Lebanon vote shakes Syrian influence
By Sean Malloy
Voting in the recent Lebanese elections underlined the nation's desire for political independence. Results so far show a large swing against pro-Syrian candidates and towards supporters of the Islamic Hezbollah.
In the Beqaa valley, an eight-member multicultural ticket organised by the Hezbollah won outright. The ticket for the 10-seat electorate consisted of four Shia Muslims, two Sunni Muslims, a Maronite Christian and a Greek Orthodox Christian.
Pro-Syrian MP Hussein Husseini won one of the remaining Beqaa seats but resigned because of the humiliating defeat of other pro-Syrian candidates.
The elections were called by the pro-Syrian government in July despite opposition from Lebanese leaders from both left and right. Syria is seeking to consolidate a Lebanese government amenable to its interests before its troops withdraw to eastern Lebanon later this month.
A number of clumsy attempts by the government to shore up Syrian representation have merely aggravated Lebanese resentment. On July 16, the parliament voted to increase the number of deputies from 108 to 128, with most of the increase being in the Syrian-dominated north and east.
On July 24 the government decided to push for quick elections despite the fact that most Lebanese leaders didn't want them. "The momentum for the move came almost entirely from Syria, whose hold over the Beirut government is indisputable", reported the July 24 Middle East International.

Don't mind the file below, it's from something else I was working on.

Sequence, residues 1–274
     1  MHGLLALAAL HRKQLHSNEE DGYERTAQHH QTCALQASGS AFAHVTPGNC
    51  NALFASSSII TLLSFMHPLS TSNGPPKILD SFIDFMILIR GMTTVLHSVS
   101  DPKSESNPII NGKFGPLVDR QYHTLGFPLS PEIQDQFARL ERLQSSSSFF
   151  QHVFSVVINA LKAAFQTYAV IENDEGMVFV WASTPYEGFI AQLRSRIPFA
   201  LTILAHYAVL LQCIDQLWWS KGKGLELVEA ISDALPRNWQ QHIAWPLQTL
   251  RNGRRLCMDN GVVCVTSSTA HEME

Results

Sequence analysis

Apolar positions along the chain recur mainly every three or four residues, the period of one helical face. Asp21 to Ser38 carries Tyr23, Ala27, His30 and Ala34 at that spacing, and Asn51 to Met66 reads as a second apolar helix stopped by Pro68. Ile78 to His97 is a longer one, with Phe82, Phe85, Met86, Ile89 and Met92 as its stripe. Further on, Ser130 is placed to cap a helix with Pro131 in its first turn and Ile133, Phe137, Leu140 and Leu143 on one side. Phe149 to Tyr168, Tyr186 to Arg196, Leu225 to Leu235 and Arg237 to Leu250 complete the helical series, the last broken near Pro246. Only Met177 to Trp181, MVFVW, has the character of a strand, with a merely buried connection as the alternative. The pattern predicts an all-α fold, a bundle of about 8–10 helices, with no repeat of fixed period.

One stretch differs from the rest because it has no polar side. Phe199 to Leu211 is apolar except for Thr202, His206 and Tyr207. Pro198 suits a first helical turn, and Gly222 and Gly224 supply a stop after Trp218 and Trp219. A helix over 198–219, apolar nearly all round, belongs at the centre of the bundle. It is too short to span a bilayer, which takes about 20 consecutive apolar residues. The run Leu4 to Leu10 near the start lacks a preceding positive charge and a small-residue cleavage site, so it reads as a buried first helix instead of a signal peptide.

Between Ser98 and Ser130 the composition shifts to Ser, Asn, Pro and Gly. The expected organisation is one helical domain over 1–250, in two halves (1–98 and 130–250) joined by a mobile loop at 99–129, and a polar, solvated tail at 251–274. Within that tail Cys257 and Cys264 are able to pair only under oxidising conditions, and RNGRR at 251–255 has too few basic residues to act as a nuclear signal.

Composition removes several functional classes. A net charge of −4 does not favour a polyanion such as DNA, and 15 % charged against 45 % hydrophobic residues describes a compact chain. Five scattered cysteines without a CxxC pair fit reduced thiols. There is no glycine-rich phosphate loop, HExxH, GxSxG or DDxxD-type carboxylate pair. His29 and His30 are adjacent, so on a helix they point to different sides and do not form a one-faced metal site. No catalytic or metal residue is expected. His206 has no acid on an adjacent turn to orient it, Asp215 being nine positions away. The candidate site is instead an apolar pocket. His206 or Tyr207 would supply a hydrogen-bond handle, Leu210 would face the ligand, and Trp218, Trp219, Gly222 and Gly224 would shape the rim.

"It is not the right moment for elections", said Druze leader Walid Jumblatt. "The Syrians want this election to try to give themselves a kind of credibility. We are not against the Syrians, but this is not the way to give them or ourselves credibility."
Forces opposing the elections came under severe pressure from the government. Citing the need to "restore state authority", the Lebanese army raided headquarters of the former militias of the Lebanese Forces and the Druze Progressive Socialist Party.
Most Lebanese fear Syrian dictatorship over Lebanon through a pro-Syrian government after the coming withdrawal, scheduled under an October 1989 peace accord signed at Taif in Saudi Arabia by survivors of the 1972 Lebanese parliament, the last elected before the civil war of 1975.
Interpretations of the Taif Accord vary, but most agree it calls for Syrian withdrawal to eastern Lebanon in September, followed by further negotiations for final withdrawal.